The Monroney label is the window sticker that details a car's price and parts content and is affixed to every automobile before it's wheeled into the showroom. The label was named for former Sen. Almer Stillwell "Mike" Monroney, D-Okla., sponsor of the Automobile Information Disclosure Act of 1958.
"The percentage of the parts that come from a different area of the world make up an awful big percentage of the car. I don't know how you start taxing and putting tariffs on it," Kelly said.
None of this might have mattered as much if Trump had embraced border adjustment. But again, the opposition got lucky, this time when Nunes, among Trump's closest allies in Congress who just happened to be a key author of the provision, was sidelined over a matter having to do with his role as chairman of the House Intelligence Committee amid the investigation into Russian meddling in the 2016 election.
Nunes first spent time with the president during the 2016 GOP presidential primary, when the candidate made a campaign swing through the congressman's Trump-friendly central California district.
They hit it off, and Nunes would go on to play a central role in Trump's transition and begin pitching senior White House aides on border adjustment.
But the Californian was swamped by a wave of criticism after advising Trump on the progress of the House Intelligence Committee's investigation into Russian meddling in the 2016 election. The dustup forced him to hand authority over the investigation to his senior GOP colleagues.
It then became impractical for Nunes to spend time at the White House lobbying on border adjustment. Doing so might reignite speculation about whether Nunes was keeping Trump apprised of the Russia investigation.
"There's no question that this issue has hindered his ability to work with the president," a House Republican said.
So, as a top House proponent of border adjustment was taken out of the game, retailers had settled on a winning message.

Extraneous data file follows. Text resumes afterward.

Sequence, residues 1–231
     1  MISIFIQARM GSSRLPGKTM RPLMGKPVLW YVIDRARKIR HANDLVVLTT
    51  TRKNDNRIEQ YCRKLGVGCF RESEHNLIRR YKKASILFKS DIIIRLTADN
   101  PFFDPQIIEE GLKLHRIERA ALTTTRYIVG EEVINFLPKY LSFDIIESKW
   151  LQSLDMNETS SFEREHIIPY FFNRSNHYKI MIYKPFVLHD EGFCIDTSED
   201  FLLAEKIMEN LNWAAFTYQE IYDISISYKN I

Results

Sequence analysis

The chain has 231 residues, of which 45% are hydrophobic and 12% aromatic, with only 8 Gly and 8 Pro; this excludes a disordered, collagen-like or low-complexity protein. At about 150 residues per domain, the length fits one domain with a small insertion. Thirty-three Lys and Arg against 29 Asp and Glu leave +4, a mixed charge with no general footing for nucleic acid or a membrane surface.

They found it almost by accident in December while conducting polling on other topics. At the time, the retail industry was already mobilizing to fight two other lobbying wars. One was a push to halt congressional efforts to protect online competitors from sales taxes. Another was a major lobbying contest with banks over a provision in a banking deregulation bill that would allow debit card providers to charge higher rates on retail transactions.
The retailers won that battle, which one Republican aide to a House Financial Services Committee member called a "dry run" for the effort over border adjustment.
While polling on those issues, the Retail Industry Leaders Association sneaked in one question framing border adjustment as a tax on consumers, and discovered that, indeed, the public was solidly against the idea of taxing consumers to lower corporate tax rates. By February, the National Retail Federation had produced an analysis concluding that border adjustment would produce a $1,700 tax on the average family in the form of higher prices for clothes, gas and every other consumer product that involves imports.
From then on, the idea that the BAT was a consumer tax featured in ads in lawmakers' districts, on social media and in outreach to the press. Given the underlying complexity of border adjustment, Republican leadership struggled to respond.
Validation of the retailers' strategy came at a highly-anticipated Ways and Means hearing on May 23.